Network Limitations, being based on the IP address as reported at last recon, have a serious limitation: if your last recon was on-site, and you run Self Service over VPN, you'll still be able to run all policies as though you were on-site. To get around this, we've written a script that looks for the virtual interfaces that our VPN clients create, and if they are absent, call a trigger passed as a variable. This does mean that you need two policies (the one that the user will see in Self Service, which runs the script, and the custom-triggered policy that the script will call).
In our case, we do assume that the policy can only be run via VPN or on-site, since we have no management point in the DMZ.
Self Service Policy
Name: Upgrade to OS X 10.9 Mavericks
Triggered by None, Ongoing
Scope: Some Smart Group
Enable for Self Service
Script: vpnPreCheck.sh, with variable 4 set to mavericksupgrade
No reboots, no reckons, etc - just call the script
#!/bin/bash # vpnPreCheck.sh - Checks to see if a client seems to be on the VPN # Built to exit 1 if VPN is detected, or call the specified trigger: $4 # Checking ifconfig output for the known virtual interfaces pulseConnected=`ifconfig | grep utun` ncConnected=`ifconfig | grep jnc` if [ "$pulseConnected" ] || [ "$ncConnected" ]; then # A virtual interface is detected; we're on VPN /Library/Application Support/JAMF/bin/jamfHelper.app/Contents/MacOS/jamfHelper -windowType hud -windowPosition ur -icon "/System/Library/CoreServices/Problem Reporter.app/Contents/Resources/ProblemReporter.icns" -heading 'VPN Connection Detected' -description 'This policy may not be run from the VPN. Please try again when you are on-site.' > /dev/null 2>&1 & exit 1 else # We're on-site; proceed to call the passed trigger echo "No Remote Access detected." jamf policy -trigger $4 exit 0 fi
Name: Triggered Mavericks Upgrade (naming things is hard)
Triggered by Other: mavericksupgrade, Ongoing
Scope: All (since we expect this to only ever be manually triggered) Packages: Our Mavericks upgrade package (via createOSXinstallerpkg) and our recon-and-delete launchdaemon
Reboot: Immediately, to Current, No-bless
So the first policy runs the script, and the script triggers the policy, so that we can be sure that a VPN user can't run the upgrade. HTH, use at your own risk, test extensively, YMMV, etc.
The Mac's IP should/does update in its JSS record when just checking in, not only at recon time. Couldn't you create and deploy something that would trigger a check in, perhaps with jamf log whenever the /Library/Preferences/SystemConfiguration directory is updated? What I'm getting at is a LaunchDaemon that uses that as a WatchPath and, when it changes, runs a simple script to see if the JSS is available, and if so, do a sudo jamf log to get the updated IP in place.
Alternatively, if using JSS version 9, this kind of trigger is already available in the product. You might be able to deploy it as an offline policy.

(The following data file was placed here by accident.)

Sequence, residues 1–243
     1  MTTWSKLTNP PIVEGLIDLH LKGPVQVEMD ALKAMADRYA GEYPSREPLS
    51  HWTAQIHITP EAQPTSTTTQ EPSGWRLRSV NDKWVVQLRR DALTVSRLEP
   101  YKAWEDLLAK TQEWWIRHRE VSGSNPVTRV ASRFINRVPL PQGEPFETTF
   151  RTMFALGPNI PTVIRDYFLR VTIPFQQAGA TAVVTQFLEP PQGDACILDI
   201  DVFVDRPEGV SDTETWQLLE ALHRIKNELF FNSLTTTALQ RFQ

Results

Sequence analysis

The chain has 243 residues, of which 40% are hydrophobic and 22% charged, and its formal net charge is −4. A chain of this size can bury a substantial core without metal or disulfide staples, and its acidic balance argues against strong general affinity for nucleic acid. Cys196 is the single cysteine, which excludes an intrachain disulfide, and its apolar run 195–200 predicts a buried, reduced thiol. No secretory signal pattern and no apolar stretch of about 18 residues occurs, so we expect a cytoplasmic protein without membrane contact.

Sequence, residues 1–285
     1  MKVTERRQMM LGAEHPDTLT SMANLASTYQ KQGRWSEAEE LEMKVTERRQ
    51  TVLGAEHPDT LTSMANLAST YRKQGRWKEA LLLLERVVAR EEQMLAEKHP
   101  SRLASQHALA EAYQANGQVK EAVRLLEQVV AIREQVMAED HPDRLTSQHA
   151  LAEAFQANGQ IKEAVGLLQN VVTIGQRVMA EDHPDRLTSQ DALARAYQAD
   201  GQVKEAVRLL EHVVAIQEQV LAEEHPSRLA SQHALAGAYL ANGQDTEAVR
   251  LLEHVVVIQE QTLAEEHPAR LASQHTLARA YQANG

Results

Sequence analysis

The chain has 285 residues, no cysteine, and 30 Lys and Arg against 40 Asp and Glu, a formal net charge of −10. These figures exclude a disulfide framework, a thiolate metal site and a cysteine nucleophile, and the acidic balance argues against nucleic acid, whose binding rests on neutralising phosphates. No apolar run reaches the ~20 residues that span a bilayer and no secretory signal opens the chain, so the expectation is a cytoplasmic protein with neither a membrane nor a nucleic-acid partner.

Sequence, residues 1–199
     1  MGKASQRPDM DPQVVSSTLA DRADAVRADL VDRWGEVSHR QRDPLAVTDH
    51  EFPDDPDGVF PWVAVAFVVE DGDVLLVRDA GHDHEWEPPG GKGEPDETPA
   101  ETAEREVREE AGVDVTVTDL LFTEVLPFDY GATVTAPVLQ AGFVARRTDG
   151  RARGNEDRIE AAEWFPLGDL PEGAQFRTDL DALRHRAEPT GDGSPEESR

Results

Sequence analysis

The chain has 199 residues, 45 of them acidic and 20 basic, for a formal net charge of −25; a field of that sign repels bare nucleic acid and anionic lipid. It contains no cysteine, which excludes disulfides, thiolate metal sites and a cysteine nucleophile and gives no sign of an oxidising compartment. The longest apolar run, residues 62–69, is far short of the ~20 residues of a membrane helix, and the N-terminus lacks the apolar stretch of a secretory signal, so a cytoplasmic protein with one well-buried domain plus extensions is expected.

The updated IP should land the Mac into a different Network Segment, and therefore (possibly) avoid this issue?
I'm thinking out loud a bit here, and wondering if you already tried all the above and it didn't work?
We're still on v8 for now; plans are in place to go to 9, but there are a couple of open dependencies.
Thanks for the clarification as to when the IP is updated; in our testing, we were probably moving too quickly to wait for a log to naturally occur, but a launchdaemon could solve that.
Just a little thing to be aware of that we recently discovered. In older versions of the jamf binary, the jamf log command used to return a proper exit status. If it was successful in updating its check in time and IP to the JSS, it would return exit status 0, and if it couldn't, it returned status 1.
Somewhere along the line in the 8 series this seems to have changed. (Haven't looked to see if this is also true in version 9) It now will always report 0, whether it was successful or not. Even if the Mac is completely off the network, it returns status 0. Very strange. We reported this to our account manager and he is saying that the traffic isn't two way, so the binary doesn't actually get anything back on whether the log command was actually successful;. It seems as far as the jamf binary is concerned, if the command ran at all it was successful. :P This doesn't make any sense to me, but that seems to be how it works now.
For this reason if you do decide to script something called by a LaunchDaemon, I suggest first doing a sudo jamf checkJSSConnection -retry 1 (or 2 if you want to give it a little more time). That command will correctly return an exit status that reflects whether it was successful or not, so you can check its exit status and if 0, move on to the jamf log command.
I just did some quick verification on these a moment ago and the jamf log command does update the IP immediately as well as the Last Contact Time in the computer record, so you should be able to use that to move the Mac into the correct Network Segment.